Magazine October 20, 2008, Issue

Worse than a Bailout — a Blunder

United States flags fly outside of the New York Stock Exchange. (Lucas Jackson/Reuters)
How not to conduct a government intervention

There are winners and losers every time the government sticks its clumsy fist into financial markets. But we can’t discover who has been helped and who has been hurt by using the word “bailout” indiscriminately.

For shareholders of Bear Stearns, Fannie Mae/Freddie Mac, and AIG, surprise raids by Treasury secretary Hank Paulson and Fed chairman Ben Bernanke were a wipeout, not a bailout. Driving those share prices down to a few dollars (AIG) or a few cents (most others) did not restore confidence among investors who still held other  financial stocks. On the contrary, it made them stampede for the exits.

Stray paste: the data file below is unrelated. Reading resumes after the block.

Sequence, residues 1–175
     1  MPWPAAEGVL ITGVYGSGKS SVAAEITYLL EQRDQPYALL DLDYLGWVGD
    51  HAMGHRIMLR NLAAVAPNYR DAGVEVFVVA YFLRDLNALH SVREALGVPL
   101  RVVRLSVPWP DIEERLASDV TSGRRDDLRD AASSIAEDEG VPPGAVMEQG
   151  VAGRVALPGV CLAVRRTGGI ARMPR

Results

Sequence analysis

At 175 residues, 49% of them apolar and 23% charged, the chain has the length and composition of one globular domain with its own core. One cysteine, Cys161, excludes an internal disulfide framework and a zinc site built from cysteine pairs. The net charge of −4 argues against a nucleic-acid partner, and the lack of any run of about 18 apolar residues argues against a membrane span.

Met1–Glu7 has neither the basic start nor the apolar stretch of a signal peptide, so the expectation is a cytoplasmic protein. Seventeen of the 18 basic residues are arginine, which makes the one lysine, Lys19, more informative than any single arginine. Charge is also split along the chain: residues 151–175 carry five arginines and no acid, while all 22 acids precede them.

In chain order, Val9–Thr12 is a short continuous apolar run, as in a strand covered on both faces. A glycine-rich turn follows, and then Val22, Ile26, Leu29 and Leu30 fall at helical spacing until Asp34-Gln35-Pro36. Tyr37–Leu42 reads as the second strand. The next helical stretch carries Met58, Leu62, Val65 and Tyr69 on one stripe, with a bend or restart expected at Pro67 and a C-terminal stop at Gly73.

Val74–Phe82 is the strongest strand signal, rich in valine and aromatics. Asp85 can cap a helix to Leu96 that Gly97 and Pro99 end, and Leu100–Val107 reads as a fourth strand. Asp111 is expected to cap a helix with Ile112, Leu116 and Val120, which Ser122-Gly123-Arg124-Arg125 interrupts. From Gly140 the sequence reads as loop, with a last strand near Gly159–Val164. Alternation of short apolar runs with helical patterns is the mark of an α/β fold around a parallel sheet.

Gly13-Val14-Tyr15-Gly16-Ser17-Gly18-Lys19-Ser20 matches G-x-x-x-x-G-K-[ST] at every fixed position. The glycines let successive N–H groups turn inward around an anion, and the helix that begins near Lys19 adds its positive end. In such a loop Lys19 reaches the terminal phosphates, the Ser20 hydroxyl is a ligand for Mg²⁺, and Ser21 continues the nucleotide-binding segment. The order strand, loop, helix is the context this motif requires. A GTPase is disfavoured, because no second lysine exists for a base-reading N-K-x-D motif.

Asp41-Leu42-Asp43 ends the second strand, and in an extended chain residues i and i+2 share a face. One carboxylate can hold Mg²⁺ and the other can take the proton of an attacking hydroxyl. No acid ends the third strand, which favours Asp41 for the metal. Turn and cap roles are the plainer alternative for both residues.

Financial-stock

Alan Reynolds, National Review’s economics editor from 1972 to 1976, is a senior fellow at the Cato Institute and the author of Income and Wealth.

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Burn before Watching

If you’re the sort of filmgoer who thinks of the Coen brothers as American cinema’s most nihilistic, misanthropic double threat, you’ll find vindication aplenty in Burn after ...

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